Folks like me have been saying for years that we need a mass movement of people to stem the tide of economic and racial inequality that this country, the Land of the Thief, um, Free, has been experiencing for more than four decades now. Finally, it’s happening, albeit in a relatively small way, around Wall Street and other cities around the country. This is great, I certainly wish I could be there, but this can only be the start of something. Because if it ends here, I don’t want to wait until I’m in my sixties to see grassroots protests cut across racial, socioeconomic (again, relatively speaking) and other lines that tend to divide us as a nation.
We need to not just occupy Wall Street, or do more than this one-day march that’s suppose to happen in New York today. Or attend rallies hosted by Van Jones. We need to occupy the Fed, Capitol Hill, every Bank of America, Goldman Sachs, Wells Fargo, AIG, JP Morgan Chase, CitiGroup, SAG, ExxonMobil, Shell, BP
corporate office in this country. We need to say to these folks, and the corrupt, greedy, soul-destroying interests they represent that were mad and we’re not gonna take it any more.
I just want two other things to come out of this, even if the evil capitalists manage to bash every protester and faceless writers like me in the head to stop what’s been happening over the past few weeks. One is that I want the folks from my youngest sibling’s generation to get credit where credit is due, to not hear from the idiot Baby Boomer crowd about how what they’re doing is just like what they (and by they, about 1 in 50 Baby Boomers, really) did back in the ’60s. It’s not. People born in the ’80s and ’90s grew up in a nation of diminishing resources, increasing economic inequalities, increased acceptance of bigoted, xenophobic, me-first-and-always behavior and a willingness to squander trillions of dollars to go to war in our name.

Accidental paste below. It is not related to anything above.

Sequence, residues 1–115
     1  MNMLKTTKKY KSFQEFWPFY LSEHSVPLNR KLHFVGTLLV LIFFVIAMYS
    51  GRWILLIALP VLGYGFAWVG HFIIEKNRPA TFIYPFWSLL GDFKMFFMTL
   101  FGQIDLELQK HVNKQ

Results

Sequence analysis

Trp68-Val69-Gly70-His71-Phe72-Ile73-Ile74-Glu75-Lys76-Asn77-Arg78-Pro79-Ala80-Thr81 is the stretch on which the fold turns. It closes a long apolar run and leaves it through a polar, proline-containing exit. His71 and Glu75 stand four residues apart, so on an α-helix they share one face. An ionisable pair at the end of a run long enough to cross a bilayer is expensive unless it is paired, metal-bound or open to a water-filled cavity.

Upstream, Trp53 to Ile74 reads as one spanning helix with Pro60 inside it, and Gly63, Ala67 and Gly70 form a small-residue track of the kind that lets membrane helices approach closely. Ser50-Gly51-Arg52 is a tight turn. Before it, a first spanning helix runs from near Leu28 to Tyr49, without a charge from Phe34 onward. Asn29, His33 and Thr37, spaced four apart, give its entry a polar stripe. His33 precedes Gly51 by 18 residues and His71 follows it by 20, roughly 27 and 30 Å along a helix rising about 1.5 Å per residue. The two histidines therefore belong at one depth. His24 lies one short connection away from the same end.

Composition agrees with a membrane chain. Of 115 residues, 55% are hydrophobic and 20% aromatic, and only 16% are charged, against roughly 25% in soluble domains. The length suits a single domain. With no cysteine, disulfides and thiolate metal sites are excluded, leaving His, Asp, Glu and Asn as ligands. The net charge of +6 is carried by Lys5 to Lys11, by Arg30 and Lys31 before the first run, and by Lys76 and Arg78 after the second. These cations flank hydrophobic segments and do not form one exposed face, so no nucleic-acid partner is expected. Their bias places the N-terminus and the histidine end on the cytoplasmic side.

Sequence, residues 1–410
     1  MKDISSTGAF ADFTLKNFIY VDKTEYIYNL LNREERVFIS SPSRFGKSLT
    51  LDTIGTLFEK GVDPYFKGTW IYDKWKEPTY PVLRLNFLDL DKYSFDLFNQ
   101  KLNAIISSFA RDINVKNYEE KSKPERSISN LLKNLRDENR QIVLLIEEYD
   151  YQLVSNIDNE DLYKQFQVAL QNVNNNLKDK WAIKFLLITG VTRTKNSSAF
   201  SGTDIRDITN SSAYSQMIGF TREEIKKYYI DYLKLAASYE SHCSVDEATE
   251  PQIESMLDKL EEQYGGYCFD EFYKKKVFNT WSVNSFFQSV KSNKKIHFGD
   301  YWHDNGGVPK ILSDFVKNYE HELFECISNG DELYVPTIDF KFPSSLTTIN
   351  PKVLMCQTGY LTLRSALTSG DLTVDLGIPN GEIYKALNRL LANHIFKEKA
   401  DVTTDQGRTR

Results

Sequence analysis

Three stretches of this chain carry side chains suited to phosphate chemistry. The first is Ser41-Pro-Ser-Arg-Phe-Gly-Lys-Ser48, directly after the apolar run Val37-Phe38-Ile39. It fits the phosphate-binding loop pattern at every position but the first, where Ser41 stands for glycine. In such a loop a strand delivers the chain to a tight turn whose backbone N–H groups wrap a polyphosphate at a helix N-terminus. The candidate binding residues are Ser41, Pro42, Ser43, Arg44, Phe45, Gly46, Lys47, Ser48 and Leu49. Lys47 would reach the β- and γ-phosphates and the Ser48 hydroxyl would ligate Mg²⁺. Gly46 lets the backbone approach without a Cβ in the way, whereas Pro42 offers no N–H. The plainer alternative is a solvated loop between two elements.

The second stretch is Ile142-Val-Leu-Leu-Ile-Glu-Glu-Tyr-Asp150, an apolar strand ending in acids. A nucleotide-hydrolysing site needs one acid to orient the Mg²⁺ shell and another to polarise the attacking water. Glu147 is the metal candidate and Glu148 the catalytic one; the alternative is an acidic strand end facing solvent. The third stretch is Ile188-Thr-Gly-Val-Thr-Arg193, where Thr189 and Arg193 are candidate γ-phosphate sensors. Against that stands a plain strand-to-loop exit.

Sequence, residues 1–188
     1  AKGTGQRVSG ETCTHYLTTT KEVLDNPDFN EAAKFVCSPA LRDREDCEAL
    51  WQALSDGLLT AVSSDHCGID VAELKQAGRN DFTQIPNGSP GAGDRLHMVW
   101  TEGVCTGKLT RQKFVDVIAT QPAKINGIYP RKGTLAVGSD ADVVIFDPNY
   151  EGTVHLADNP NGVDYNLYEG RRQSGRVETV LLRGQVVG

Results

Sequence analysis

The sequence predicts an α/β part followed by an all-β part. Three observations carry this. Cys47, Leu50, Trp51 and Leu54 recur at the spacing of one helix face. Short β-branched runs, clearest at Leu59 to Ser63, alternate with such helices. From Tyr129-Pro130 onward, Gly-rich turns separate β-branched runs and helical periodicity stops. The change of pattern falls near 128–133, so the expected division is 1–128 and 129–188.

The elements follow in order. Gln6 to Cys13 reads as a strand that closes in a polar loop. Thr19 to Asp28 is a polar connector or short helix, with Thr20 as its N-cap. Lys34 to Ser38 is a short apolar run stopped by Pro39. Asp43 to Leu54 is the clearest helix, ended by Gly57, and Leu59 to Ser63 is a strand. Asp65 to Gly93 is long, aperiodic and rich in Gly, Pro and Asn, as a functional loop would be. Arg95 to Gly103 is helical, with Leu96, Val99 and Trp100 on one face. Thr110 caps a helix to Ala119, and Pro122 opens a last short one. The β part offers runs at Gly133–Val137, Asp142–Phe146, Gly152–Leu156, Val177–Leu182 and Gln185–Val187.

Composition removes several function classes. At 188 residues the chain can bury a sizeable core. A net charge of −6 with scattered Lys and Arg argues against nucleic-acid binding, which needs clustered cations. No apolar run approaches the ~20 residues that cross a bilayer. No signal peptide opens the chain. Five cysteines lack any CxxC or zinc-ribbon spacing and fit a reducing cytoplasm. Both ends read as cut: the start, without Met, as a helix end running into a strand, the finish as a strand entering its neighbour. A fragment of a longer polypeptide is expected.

If anything, these protesters are more like the factory workers at GM in 1937, who sat-in for forty-four days amid violence and threats of violence for their labor union rights in Flint, Michigan. Or like the African
Americans who desegregated lunch counters, boycotted stores that refused to hire them, and staged work stoppages at military ports during the Depression and in the middle of World War II. It’s relatively easy to protest a war like Vietnam from a position of strength, as already enrolled-in-college students. It’s not so easy when your future truly hangs in the balance.
A few months ago, I was playing with my son and one of his stuffed animals, a penguin Pillow Pet. I realized one evening that this Pillow Pet had many of Michael Moore’s facial features. So I began to talk like Michael Moore about the need to stop the greedy folks on Wall Street from eating all of our cake. My son said, “I do not understand what you are saying. But that doesn’t sound nice.” In response, I said, “It’s not suppose to be nice. But then again, neither are the people who’ve put people out of work.” It provoked my eight-year-old, if only for a moment, to think about inequality. The other thing I hope is that this protest provides more thought-inducing moments, for both of us.